Home

What should a data breach notification contain?

Previously, I wrote a blog post (see here) on data breaches and where to report them, focusing on the notion of ‘lead supervisory authority’. In this blog post, I focus on the contents of data breach notifications in relation to the GDPR. It is important to notice that notifications might be to either of two stakeholders: the supervisory authority and/or the data subjects concerned (the ‘victims’ of the data breach). Using GDPR compliance software you can aid this process and improve your ability to meet GDPR requirements.

Notifying Stakeholders in the Event of a Data Breach

Articles 33 and 34 GDPR distinguish between three types of cases:

  • A breach is unlikely to result in a risk to the rights and freedoms of natural persons (art. 33(1) GDPR). In this case, no notification is needed but the breach should be registered within your organisation for accountability purposes

  • A breach is likely to result in a risk to the rights and freedoms of natural persons (art. 33(1) GDPR). In this case, a notification to the supervisory authority is needed.

  • A breach is likely to result in a high risk to the rights and freedoms of natural persons. In this case, in addition to the notification to the supervisory authority, the data subject also needs to be notified (art. 34(1) GDPR).

The third case is said to be subject to three exceptions (art. 34(3) GDPR):

  • The personal data have been rendered in such a manner that they are unintelligible, e.g. because of encryption (and the decryption key is still kept safe);

  • The high risk is unlikely to materialise because of subsequent measures;

  • The notification would require disproportionate effort.

In my view, though, these breaches are not really exceptions, because the first two basically take away ‘high’ from the ‘high risk for the data subject’. And the third one is still a notification, however through different means.

Please take into account that the supervisory authority might decide on the necessity of a data subject notification and thus interpret the term ‘high risk’ and the exceptions.

gdpr guide

Contents of a notification to the supervisory authority

Notifications to the supervisory authority are made under art. 33 GDPR. According to this article, a notification has to contain the following constituents:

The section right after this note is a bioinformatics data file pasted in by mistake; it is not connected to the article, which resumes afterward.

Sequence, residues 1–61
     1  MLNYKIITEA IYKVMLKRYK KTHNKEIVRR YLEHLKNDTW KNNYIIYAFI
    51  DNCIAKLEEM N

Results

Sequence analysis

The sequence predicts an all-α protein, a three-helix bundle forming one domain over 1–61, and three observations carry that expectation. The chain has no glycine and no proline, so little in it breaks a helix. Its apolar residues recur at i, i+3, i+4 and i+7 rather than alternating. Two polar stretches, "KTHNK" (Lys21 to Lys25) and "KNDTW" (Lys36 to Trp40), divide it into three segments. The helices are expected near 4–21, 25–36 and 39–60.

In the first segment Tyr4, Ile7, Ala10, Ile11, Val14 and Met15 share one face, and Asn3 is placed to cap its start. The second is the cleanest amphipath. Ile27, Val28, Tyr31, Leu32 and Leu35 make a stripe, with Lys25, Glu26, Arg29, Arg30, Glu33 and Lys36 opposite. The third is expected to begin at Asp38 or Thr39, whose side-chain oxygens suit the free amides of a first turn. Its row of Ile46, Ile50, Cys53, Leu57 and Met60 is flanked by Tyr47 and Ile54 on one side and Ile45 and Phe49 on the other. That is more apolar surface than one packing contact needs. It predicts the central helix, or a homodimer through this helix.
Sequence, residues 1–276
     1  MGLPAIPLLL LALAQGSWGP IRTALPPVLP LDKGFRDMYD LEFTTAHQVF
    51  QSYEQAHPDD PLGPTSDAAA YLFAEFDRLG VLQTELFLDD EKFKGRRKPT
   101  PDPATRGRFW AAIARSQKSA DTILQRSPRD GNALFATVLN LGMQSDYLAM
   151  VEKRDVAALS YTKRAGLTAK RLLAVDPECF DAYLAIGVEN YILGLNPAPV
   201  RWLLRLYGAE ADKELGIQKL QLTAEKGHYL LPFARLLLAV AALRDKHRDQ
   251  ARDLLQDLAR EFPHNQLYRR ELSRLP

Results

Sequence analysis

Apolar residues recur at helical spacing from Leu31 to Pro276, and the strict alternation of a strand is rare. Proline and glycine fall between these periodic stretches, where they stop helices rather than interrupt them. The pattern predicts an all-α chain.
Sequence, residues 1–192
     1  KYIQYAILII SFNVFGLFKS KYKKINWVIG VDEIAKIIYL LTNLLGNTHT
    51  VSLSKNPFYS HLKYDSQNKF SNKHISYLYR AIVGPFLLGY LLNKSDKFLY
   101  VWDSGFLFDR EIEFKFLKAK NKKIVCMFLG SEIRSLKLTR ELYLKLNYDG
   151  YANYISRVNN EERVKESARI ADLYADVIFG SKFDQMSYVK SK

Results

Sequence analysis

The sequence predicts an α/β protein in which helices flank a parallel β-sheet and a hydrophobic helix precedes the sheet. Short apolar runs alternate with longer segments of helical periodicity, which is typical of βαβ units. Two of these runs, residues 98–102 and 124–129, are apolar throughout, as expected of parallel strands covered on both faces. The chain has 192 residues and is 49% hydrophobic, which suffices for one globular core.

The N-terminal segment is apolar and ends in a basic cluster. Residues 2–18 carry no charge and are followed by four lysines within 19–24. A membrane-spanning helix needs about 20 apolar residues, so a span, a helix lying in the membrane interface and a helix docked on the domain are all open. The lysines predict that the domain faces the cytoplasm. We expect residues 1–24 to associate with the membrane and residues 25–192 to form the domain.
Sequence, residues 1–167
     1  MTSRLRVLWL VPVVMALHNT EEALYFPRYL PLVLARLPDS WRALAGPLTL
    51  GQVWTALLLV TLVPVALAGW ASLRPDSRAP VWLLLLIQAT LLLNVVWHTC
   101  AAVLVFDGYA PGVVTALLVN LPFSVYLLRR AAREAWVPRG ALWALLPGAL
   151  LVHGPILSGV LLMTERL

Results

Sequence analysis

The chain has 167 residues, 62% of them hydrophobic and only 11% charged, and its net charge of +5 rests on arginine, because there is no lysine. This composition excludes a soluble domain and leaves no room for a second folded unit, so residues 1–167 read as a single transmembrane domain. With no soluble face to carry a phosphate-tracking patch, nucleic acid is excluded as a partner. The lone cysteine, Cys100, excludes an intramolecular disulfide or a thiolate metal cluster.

• the nature of the breach, including, where possible:

    • the categories and approximate number of data subjects involved;

    • the categories of personal data and the number of personal data records concerned;

  • the name and contact details of the data protection officer or other contact person;

  • a description of the likely consequences of the breach for the data subject;

  • measures taken to address the consequences of the data breach, including mitigating measures to counter adverse effects for the data subject;

  • if the notification is not made within 72 hours after the controller became aware of the breach, the reasons for the delay should be provided.

Please note that, even if you choose not to notify a breach, you still have to keep a register of breaches.

Contents of a notification to the data subject

As to the contents of a breach notification to the data subject, the following are the requirements (art. 34 GDPR):

  • the name and contact details of the data protection officer or other contact person;

  • a description of the likely consequences of the breach for the data subject;

  • measures taken to address the consequences of the data breach, including mitigating measures to counter adverse effects for the data subject;

  • if the notification is not made within 72 hours after the controller became aware of the breach, the reasons for the delay should be provided.

These mirror the requirements from art. 33(3) with the exception of the nature of the breach. This is strange, as one might expect the data subject to be informed about at least the categories of personal data that are part of the breach, so that the data subject can act upon that (e.g. change a password that was leaked).

It is also important to realise that, although articles 33 and 34 GDPR do not allow for deviations in national legislation, supervisory authorities should provide a way to notify breaches to them, and in designing the relevant (web) forms, they can take a lot of freedom regarding the questions they ask. In practice, this might result in more questions being asked than are part of the literal articles 33 and 34.

Laurens Mommers
COO PrivacyPerfect

PrivacyPerfect is a GDPR compliance software provider working across multiple industries.